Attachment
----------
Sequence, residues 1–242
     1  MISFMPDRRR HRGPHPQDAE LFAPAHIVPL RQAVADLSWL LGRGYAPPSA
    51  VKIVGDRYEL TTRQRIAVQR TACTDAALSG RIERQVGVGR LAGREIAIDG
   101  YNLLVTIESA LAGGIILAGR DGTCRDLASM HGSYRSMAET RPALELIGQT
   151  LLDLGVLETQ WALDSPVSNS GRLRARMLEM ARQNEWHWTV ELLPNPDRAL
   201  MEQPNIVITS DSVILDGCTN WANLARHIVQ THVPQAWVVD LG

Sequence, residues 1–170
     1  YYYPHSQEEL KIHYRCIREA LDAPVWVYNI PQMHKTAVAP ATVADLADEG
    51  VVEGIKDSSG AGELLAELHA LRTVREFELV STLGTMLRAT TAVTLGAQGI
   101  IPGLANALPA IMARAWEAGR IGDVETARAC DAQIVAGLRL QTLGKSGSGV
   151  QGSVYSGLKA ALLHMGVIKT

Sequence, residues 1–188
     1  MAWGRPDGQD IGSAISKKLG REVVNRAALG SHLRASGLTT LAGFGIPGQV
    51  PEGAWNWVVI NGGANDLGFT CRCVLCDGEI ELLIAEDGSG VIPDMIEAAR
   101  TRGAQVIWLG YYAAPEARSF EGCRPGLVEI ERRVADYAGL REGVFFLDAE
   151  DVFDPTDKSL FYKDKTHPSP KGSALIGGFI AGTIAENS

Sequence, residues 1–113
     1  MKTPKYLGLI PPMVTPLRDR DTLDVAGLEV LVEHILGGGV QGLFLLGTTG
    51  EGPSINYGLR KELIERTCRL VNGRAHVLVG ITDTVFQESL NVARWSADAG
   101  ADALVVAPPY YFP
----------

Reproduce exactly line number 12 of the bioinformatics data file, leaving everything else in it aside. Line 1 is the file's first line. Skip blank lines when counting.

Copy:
Sequence, residues 1–188